Orjuela-Grimm M, Butsch WS, Bhatt-Carreño S, Smolarz BG, Rao G. Benchmarking of provider competencies and current training for prevention and management of obesity among family medicine residency programs: a cross-sectional survey. BMC Fam Pract. 2021;22(1):1–10.
Baker TK, Smith GS, Jacobs NN, et al. A deeper look at implicit weight bias in medical students. Adv Health Sci Educ. 2017;22(4):889–900.
Choules A. The use of elearning in medical education: a review of the current situation. Postgrad Med J. 2007;83(978):212–6.
Harris J, Felix L, Miners A, et al. Adaptive e-learning to improve dietary behaviour: a systematic review and cost-effectiveness analysis. Health Technol Assess. 2011;15(37):1–160.
Sukhera J, Watling C. A framework for integrating implicit bias recognition into health professions education. Acad Med. 2018;93(1):35–40.
Phelan SM, Puhl RM, Burke SE, et al. The mixed impact of medical school on medical students’ implicit and explicit weight bias. Med Educ. 2015;49(10):983–92.
Hauff C, Fruh SM, Sims BM, et al. Nurse practitioner students’ observations of preceptor engagement in obesity management and weight bias: a mixed-methods approach. J Am Association Nurse Practitioners. 2020;32(7):520.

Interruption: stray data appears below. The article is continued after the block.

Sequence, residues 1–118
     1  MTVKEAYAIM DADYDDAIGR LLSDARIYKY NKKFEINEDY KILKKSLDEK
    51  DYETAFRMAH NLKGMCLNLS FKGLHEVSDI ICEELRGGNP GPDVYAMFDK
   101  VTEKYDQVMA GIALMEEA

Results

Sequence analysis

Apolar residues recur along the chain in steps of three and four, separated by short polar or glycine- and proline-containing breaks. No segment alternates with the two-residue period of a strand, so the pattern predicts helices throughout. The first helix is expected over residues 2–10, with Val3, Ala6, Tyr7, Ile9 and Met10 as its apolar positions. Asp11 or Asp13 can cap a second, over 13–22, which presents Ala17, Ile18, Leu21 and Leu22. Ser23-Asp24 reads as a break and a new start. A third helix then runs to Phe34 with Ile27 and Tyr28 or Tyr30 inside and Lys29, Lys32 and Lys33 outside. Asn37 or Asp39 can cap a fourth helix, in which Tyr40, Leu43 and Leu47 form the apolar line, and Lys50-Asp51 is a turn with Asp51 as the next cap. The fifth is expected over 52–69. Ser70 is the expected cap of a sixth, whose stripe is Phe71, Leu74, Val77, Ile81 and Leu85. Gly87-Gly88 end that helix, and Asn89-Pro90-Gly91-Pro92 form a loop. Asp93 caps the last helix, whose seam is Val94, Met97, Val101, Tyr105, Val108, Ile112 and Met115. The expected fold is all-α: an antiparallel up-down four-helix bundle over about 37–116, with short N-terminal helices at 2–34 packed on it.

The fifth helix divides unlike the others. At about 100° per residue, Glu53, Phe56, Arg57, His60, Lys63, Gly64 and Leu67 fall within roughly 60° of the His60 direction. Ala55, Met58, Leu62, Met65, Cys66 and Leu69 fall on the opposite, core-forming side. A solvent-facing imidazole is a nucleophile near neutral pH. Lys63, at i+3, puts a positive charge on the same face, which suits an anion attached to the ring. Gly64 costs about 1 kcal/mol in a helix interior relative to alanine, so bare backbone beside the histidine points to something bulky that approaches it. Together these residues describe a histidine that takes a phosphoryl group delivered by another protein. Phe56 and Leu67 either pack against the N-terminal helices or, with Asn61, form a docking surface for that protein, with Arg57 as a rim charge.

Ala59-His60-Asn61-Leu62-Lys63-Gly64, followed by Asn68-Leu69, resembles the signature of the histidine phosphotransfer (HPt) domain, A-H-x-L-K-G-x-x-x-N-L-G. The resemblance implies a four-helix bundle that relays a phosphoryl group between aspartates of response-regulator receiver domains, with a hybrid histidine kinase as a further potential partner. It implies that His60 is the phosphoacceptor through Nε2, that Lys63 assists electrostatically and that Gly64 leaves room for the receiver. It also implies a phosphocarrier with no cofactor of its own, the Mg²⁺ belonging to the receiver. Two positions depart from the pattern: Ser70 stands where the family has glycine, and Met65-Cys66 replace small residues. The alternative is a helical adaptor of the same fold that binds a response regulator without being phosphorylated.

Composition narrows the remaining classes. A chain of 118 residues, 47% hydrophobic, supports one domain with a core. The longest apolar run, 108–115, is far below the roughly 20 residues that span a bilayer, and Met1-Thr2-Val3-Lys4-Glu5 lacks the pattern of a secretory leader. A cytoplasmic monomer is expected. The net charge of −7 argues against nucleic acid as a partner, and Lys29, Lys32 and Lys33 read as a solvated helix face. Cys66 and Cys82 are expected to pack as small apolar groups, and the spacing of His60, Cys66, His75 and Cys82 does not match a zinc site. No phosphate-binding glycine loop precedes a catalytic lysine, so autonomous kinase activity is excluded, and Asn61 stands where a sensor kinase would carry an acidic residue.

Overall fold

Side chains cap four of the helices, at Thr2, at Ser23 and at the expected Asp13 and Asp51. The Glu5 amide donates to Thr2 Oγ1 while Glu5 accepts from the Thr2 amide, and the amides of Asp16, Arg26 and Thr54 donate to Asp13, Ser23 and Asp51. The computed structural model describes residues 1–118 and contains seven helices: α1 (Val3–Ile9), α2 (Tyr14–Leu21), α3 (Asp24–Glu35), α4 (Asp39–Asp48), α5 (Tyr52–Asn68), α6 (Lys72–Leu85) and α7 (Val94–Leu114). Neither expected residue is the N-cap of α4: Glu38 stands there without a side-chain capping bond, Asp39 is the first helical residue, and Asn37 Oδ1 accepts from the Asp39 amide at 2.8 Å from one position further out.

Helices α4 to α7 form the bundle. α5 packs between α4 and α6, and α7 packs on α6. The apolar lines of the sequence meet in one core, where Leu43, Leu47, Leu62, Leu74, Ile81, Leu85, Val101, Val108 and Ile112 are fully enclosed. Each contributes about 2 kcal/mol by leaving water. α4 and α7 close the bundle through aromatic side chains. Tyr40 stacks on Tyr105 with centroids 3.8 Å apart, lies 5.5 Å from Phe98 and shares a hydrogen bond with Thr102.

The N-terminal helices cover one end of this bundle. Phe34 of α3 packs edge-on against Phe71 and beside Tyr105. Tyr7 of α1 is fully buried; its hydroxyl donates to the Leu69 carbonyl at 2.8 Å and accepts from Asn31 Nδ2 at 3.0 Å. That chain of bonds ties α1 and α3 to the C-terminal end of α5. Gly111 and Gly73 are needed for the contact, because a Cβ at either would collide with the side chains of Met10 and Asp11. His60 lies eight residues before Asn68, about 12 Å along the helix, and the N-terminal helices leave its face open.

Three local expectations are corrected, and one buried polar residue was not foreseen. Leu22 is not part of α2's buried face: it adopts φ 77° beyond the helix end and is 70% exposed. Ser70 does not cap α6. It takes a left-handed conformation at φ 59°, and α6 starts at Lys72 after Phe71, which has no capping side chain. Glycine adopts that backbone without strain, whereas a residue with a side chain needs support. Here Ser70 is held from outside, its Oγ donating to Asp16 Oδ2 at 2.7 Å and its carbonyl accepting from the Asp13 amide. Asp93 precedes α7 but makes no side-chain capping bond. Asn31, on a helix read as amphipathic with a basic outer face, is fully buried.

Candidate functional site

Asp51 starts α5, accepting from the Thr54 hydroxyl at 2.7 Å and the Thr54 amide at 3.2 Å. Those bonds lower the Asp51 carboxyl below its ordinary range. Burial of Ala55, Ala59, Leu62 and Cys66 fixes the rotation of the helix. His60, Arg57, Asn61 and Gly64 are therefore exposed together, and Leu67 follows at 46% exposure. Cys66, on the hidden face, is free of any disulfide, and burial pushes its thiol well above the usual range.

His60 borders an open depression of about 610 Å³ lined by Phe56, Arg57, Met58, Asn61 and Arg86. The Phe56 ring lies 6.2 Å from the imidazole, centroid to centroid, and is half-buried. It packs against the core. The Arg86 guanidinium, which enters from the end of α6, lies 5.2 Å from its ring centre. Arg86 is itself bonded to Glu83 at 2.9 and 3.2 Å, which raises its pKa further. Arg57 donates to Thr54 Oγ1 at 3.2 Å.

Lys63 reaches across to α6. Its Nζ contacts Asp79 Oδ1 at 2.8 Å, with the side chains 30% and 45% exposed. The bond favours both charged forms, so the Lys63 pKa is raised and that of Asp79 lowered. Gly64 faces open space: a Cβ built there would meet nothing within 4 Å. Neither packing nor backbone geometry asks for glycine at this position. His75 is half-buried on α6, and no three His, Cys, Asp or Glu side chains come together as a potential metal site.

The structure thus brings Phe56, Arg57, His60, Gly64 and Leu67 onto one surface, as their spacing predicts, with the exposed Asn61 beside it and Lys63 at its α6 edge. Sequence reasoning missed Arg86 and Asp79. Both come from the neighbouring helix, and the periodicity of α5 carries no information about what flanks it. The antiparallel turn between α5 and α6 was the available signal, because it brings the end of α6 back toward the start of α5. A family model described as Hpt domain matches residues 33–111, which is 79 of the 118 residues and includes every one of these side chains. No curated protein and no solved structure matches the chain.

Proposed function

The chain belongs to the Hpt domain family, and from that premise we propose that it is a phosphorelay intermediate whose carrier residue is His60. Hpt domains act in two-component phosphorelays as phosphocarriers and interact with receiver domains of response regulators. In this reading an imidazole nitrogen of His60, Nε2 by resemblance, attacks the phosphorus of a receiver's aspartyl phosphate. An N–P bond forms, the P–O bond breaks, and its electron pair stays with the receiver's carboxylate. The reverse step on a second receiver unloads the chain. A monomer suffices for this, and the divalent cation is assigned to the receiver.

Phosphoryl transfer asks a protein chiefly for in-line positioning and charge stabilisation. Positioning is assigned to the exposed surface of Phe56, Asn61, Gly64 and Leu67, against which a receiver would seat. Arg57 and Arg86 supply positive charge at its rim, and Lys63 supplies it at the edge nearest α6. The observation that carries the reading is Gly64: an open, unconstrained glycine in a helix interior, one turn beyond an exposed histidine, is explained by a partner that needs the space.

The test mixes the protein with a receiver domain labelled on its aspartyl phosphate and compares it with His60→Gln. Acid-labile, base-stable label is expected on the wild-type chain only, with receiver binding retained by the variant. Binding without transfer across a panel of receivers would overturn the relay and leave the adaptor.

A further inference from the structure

Kushner RF, Zeiss DM, Feinglass JM, Yelen M. An obesity educational intervention for medical students addressing weight bias and communication skills using standardized patients. BMC Med Educ. 2014;14(1):1–8.
Matharu K, Shapiro JF, Hammer RR, Kravitz RL, Wilson MD, Fitzgerald FT. Reducing obesity prejudice in medical education. Educ Health. 2014;27(3):231.
Nestorowicz S, Saks N. Addressing bias toward overweight patients: a training program for first-year medical students. Med Sci Educ. 2021;31(3):1115–23.
Geller G, Watkins PA. Addressing medical students’ negative bias toward patients with obesity through ethics education. AMA J ethics. 2018;20(10):948–59.
Moriates C, Valencia V, Stamets S, et al. Using interactive learning modules to teach value-based health care to health professions trainees across the united states. Acad Med. 2019;94(9):1332–6.
Benjamin Fletcher, Brooke Fletcher, and Anthony Marchio for assistance with writing of the e-module script, editing of the e-module, and participating in filming patient scenarios. Frauke Wilcox for administrative assistance.
Internal university funding without commercial sponsorship or support.
Ethics approval and consent to participate
This study was approved, and the informed consent was waived by the Institutional Review Board of the University of Nebraska Medical Center (IRB 574-16-EX). All methods were performed in accordance with the relevant guidelines and regulations.